If there was one sliver of comfort in the Budget, it was that there were no further cuts to infrastructure spending. Victoria Jackson of Davis Langdon surveys the work that will be on offer in the years ahead
Now that the dust from the Budget is settling, the construction industry is waiting for the autumn’s Comprehensive Spending Review to confirm future levels of workload. The Budget confirmed £20bn of cuts in capital investment previously announced in the spring, together with the £6.2bn review announced since the election - representing a 50% real terms reduction in spending. The Department of Transport has already announced a freeze on project approvals, but some schemes were approved in the Budget, including the Leeds-Liverpool rail upgrade. However, the chancellor also acknowledged that further cuts to infrastructure should not take place, albeit that the detailed allocation of spending may change in the light of affordability and value for money tests.
Announcements in the Budget suggest a degree of support for public transport, with £700m of work confirmed for bus and light rail schemes. Some regional passenger transport executives will have a few reasons to be cheerful this summer.
The latest construction output forecasts published by the Construction Products Association (CPA) in April reflect regulated expenditure together with capital investment cuts announced in the spring Budget. Based on these forecasts, infrastructure workload is expected to grow by 42% in real terms by 2014, to £11bn per year. By contrast, other aspects of the public construction programme are forecast to be cut from 2011 onwards. Many aspects of infrastructure spending, such as energy, water and aviation are publicly regulated but privately funded and should continue largely as planned, subject to the availability of funding and planning approval.
Energy, climate change and carbon reduction are investment priorities for the coalition, with nuclear power involving a particularly uneasy compromise. One early manifestation of climate change policy has been the halting of runway development in the South-east. Although this may have got rid of one planning headache, the abolition of the Infrastructure Planning Commission (IPC) and the introduction of third party rights of appeal could introduce many others. “Open source planning” could be a real barrier to delivering very ambitious infrastructure investment targets - progress on the 36 schemes which are currently in the remit of the IPC will be particularly telling in this respect.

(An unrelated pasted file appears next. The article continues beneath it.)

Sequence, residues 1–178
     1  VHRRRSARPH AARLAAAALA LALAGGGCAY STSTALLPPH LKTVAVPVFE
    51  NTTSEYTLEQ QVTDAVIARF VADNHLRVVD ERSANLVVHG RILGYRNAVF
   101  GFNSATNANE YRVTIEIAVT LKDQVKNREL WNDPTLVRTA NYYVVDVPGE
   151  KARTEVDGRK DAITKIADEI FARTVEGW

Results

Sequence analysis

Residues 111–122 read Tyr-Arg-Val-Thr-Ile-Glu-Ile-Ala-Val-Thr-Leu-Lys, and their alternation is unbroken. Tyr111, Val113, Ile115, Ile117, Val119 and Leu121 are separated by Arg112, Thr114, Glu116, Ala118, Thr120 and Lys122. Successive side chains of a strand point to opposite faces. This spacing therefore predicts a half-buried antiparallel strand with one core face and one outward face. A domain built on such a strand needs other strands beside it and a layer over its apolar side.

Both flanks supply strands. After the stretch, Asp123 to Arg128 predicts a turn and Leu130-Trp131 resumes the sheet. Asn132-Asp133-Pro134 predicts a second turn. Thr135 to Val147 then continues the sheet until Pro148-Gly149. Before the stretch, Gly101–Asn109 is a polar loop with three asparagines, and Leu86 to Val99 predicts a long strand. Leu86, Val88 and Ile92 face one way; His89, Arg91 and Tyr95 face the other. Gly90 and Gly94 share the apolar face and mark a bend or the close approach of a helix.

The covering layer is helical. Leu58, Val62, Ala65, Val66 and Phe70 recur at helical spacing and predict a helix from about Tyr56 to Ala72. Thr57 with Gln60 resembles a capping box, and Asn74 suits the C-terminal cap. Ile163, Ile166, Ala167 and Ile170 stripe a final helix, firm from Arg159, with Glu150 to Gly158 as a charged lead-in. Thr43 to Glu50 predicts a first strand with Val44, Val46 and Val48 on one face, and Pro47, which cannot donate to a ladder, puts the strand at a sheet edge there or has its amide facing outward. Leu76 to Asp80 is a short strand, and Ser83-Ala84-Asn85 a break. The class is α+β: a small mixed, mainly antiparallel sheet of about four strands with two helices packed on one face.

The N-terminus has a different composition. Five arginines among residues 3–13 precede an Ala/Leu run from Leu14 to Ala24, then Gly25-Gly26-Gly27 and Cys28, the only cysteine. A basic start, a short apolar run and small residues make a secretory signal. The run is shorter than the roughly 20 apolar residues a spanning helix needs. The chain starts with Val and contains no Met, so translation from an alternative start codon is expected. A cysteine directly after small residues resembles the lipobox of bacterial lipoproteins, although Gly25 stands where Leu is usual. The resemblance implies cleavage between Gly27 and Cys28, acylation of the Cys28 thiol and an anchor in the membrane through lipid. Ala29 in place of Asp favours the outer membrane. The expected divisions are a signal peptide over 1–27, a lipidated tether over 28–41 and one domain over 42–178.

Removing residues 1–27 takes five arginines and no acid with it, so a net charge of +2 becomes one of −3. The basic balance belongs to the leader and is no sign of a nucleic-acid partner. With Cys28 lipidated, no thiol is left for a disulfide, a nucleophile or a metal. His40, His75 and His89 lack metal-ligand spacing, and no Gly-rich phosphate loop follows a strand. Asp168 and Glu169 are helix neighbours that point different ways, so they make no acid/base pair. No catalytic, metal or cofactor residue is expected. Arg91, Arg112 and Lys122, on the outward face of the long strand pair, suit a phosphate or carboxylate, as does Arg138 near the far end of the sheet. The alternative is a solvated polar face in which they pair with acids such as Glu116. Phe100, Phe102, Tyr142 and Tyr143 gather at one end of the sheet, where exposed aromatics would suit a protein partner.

One major determinant of future workload will inevitably be the availability of finance. Deficit reduction is the overriding priority and with frontline spending on health protected, all discretionary programmes are at risk. Initiatives such as the green investment bank should help to close the viability on some privately funded schemes, but in reality, access to capital will continue to be difficult for both private and public sector schemes.
The scrapping of Heathrow’s third runway and commitment from the coalition to refuse permission for additional runways at Gatwick and Stansted signals a move to “better, not bigger” airports, and more efficient use of existing capacity. Falls in passenger numbers had already delayed the need for extra runway capacity in the South-east, and a task force has been established to manage the impact of growth without extra runways. Gatwick’s new owner, Global Infrastructure Partners, has confirmed its £1bn investment in airport facilities to maximise use of existing runway capacity. As affected airports have capacity to absorb passenger growth for the next 10-15 years, any need for a shift to rail will be gradual.
Looking at policy in more detail, reviews of air passenger duty and airport regulation should combine to slow down growth in demand for runway capacity (through better aircraft utilisation) and the means to pay for investment generated through landing charges.
Smaller scale development should happen outside the South-east, subject to recovery in passenger numbers. Manchester, Leeds Bradford and Bristol airports are considering expansion. In the longer term, airports in the South-east such as Farnborough and Southend might also expand.
Energy policy and investment priorities remain largely unchanged. The generation gap has to be closed, renewable generation capacity has to be brought on stream and transmission infrastructure has to be installed to support renewables. The coalition has also maintained commitments to push for an EU-wide 30% reduction in carbon emissions by 2020, and is obliged under EU regulations to promote growth in renewables and landfill-diversion schemes such as energy from waste.
Energy policy around nuclear has the potential to generate political division within the coalition. The post-election discovery of a £3-4bn black hole related to long term costs of nuclear decommissioning won’t help to strengthen the pro-nuclear business case. The coalition’s plans to introduce a floor price for carbon will be brought forward in the 2011 Budget and could provide further incentive for investment in both renewables and nuclear.